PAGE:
Major "Big John" Bell
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John Bell - "Big John" Bell -  (b.1821 Middlebie Hall, Dumfries) came to Australia in 1838 and lived in Van Diemen's Land, probably with his uncle(?) Captain John Bell of the "Minerva" and "Caledonia". Captain Bell settled in Hobart, Tasmania in 1827 with his wife. On 14 August 1840, a John Bell arrived in Launceston from South Australia aboard the "Minerva", a 99 ton schooner. Cargo on board included sundry cargo and beef.  Presumably he was accompanying cargo for Captain John Bell who was then the owner of at least 10 000 acres at "Annandale", Tasmania. 

By 1842, he was living in the Port Phillip Colony, as the owner of land leases. His leases until 1863 included: 

  • 1842 - Nov 1850
Watch Hill / Pollock's Station, with John Calvert
  • 1842
Irrewarra/Korangamite with John Calvert
  • 1850 -Aug 1854
Watch Hill / Pollock's Station
  • Jan - Sep 1853
  • Jan 1853 - June 1858 
Lake Bolac
  • Aug 1854 - Aug 1864
Mt. Mercer , Warrambeen - lease cancelled 1864
  • ?1863?
Bell Park, Geelong

On 20th May 1846, John Bell and Elizabeth Bell (his sister?) are listed in local newspapers as passengers departing Tasmania aboard the vessel "Shamrock" bound for Port Phillip. There was 122 passengers total who are listed on the Papers of the Geelong and Portland Bay Immigration Society, as due to depart from Tasmania aboard the Shamrock on the 20th May 1846. The passengers were leaving for Port Phillip (Victoria) under the auspices of the Geelong and Portland Bay Immigration Society. The Shamrock made several journey's for the Society between 1845 - 1847, conveying immigrants to Port Phillip.

John Bell apparently supported several churches in the area - Leigh Church and St. George's Geelong. The Rev. John Gow, a licentiate of the Church of Scotland came to Geelong in 1841, and he is reported to have lived at John Bell's Watch Hill and at Warrambeen during the 1840's. He is quoted as replying to George Russell's request on behalf of the Leigh Church in 1868: " it comes rather hard to support two churches from the same property". See Alexander Armstrong.

During the 1850's, Mrs. Louisa Meredith (Captain John Bell's mother-in-law from Tasmania) visited the Shelford area, and stayed at Warrambeen.

John Bell was an M.L.A. Victoria from 1856-59.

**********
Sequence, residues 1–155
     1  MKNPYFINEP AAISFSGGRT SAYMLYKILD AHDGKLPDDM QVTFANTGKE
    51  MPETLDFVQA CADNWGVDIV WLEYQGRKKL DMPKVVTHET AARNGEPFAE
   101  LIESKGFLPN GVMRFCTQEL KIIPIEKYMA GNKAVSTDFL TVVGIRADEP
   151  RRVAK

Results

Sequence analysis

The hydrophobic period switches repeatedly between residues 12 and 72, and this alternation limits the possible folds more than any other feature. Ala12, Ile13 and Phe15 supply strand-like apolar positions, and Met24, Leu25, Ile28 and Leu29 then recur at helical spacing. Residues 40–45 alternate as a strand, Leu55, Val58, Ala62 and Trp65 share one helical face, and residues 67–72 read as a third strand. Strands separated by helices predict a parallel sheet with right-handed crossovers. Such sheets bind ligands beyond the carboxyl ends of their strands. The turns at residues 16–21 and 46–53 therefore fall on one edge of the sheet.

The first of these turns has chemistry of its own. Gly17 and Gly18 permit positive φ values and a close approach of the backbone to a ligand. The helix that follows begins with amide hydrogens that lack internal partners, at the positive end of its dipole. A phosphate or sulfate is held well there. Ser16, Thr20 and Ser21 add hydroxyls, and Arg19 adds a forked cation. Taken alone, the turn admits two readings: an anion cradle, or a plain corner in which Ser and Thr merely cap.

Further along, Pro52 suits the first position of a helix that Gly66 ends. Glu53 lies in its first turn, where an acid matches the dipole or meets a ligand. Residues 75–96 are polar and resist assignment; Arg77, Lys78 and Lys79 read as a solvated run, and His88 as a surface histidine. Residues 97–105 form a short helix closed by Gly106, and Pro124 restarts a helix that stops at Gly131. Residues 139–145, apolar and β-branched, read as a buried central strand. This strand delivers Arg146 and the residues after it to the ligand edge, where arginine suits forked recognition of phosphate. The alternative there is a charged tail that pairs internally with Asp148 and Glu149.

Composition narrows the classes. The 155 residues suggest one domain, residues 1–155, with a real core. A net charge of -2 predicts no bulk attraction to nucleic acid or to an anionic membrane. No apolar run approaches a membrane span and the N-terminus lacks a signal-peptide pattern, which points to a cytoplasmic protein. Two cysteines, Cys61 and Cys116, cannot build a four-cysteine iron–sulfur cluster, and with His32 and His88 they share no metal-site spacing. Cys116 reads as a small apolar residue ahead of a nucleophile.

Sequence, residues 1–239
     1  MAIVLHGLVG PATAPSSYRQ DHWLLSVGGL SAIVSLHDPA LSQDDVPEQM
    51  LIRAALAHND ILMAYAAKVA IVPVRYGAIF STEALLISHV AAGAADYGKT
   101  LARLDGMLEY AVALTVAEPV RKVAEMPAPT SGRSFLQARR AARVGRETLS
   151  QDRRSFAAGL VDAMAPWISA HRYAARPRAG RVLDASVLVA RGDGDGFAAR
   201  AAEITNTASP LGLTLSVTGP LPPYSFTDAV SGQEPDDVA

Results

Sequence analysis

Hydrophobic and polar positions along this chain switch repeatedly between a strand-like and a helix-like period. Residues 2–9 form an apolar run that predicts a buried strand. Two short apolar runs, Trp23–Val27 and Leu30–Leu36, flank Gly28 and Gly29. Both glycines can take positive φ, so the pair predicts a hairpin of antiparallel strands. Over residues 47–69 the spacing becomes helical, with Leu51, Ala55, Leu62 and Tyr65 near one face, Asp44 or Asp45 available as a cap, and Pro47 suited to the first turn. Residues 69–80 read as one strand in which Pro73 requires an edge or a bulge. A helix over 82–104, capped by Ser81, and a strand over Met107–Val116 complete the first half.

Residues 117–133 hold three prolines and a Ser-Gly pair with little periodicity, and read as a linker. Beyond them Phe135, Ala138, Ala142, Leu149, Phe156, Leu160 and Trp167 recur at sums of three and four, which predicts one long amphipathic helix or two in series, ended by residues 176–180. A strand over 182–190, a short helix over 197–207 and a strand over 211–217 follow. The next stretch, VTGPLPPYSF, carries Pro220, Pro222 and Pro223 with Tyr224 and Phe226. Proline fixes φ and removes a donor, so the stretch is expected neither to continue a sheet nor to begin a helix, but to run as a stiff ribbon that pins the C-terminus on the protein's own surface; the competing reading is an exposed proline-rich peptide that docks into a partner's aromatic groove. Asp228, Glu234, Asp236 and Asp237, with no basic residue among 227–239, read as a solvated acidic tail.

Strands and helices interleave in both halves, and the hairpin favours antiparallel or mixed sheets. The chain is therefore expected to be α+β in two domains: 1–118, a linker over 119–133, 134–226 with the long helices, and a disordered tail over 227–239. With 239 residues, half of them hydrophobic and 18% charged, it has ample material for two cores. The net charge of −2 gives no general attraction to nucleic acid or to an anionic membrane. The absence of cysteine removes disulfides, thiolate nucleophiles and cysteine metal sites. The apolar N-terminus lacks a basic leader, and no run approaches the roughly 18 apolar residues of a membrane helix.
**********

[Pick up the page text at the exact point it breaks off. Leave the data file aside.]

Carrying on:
In 1861, he convened a meeting at Inverleigh to establish a local government for the Shire of Leigh.

As the owner of "Bell Park", Geelong, his neighbour was his uncle and partner John Calvert ofBell Park, Geelong, home of "Big John" Bell (Courtesy LaTrobe Picture Collection, State Library of Victoria) "Morongo" Bell Post Hill. Both properties were the subject of engravings (now in the possession of the State Library, Victoria) by Samuel Calvert (1828-1913). At right is "Bell Park", with "Morongo" in the background.

See "The Properties" for more information about Bell Park.

John Calvert(b1811) was the uncle of John Bell (b1821). John Calvert (b1850) was John Bell's cousin.  John Bell's mother was Mary Calvert (b.1797, Dornock, Dumfries). Her brother was John Calvert (b1811).  John Bell's brother, James Bell (of Woolbrook), had a son named John Calvert Bell. 

Victorian BDM records show that a John Bell married Ellen Emma Cobham Watson (b1842 Port Macquarie) at Geelong in 1859, and that a daughter Margaret Percie Chirnside was born at Fitzroy, Victoria in 1861. (FG No. 9373). Other records show that a John Bell Chirnside married Ellen Emma Cobham Watson.

John Bell married Margaret or Margaretta Chirnside (at right), and they had no children.Margaretta Bell nee Chirnside

On Boxing Day 1888, his wife, Margaret Bell (neé Chirnside) presented presents to the local children of Teesdale, apparently a yearly tradition of hers.  Mrs Bell was visiting Teesdale at the time, from Geelong, her then place of residence. Mrs. James Bell also participated in this form of stewardship each year.

Go to Chirnside Family for more detail.

He was sometimes referred to as Major John Bell - a title earned as a volunteer in the Prince of Wales Light Horse Brigade, Geelong.

Obituary    By all accounts he was a powerful man. He died on 27 January 1867, and his obituary in the the "Geelong Advertiser" read:

A finer specimen of an English Cavalry Officer was never seen, being of Herculean strength and manly form; indeed the late Dalmahoy Campbell (see below) and himself were looked upon as the two most powerful men in the colonies. Many are the stories told of their prowess. It is said of Major Bell that, when in his prime, he could clear a 4-rail fence with a full grown sheep under each arm. The writer of this article has seen him clear 2 bullocks opposite Mack’s Hotel (see below) and can remember seeing a “Striking Machine” in the Great Exhibition of 1851 smashed. This he was told was the work of a gigantic Australian. This Australian he learnt years afterwards was Major John Bell – see Hobart Town “Mercury” of 4.2.1876.

Notes on obituary: 

  • Mack's Hotel was an imposing building clearly visible from the Steam Packet Wharf, Geelong, and still stands today.

  • Dalmahoy Campbell was born in Kingsborough, Isle of Skye in 1811, arrived in Sydney in 1821, and overlanded to Adelaide with E. Sturt in 1838. He married Catherine Anna Goodsir, the daughter of Assistant Commissary-General Goodsir, in Sydney in 1840, and arrived in Melbourne soon after. He worked as a station superintendent and stock and station agent from 1845 until his death in 1867. He owned several leases in the Port Phillip district from 1851-1861. 

Transcript from Western Australian Times     Tuesday 7 March 1876
The death of Major John Bell, of Bell-park, Geelong, has also occurred. He was an old colonist, and arrived in Victoria in l940O, and took
up land at Colac in conjunction with Mr. Calvert. Mr. Bell died at the age of 54. He left wealth to the extent, it is estimated, of between
£400,000 and £500,000.

Last updated: 23 October 2008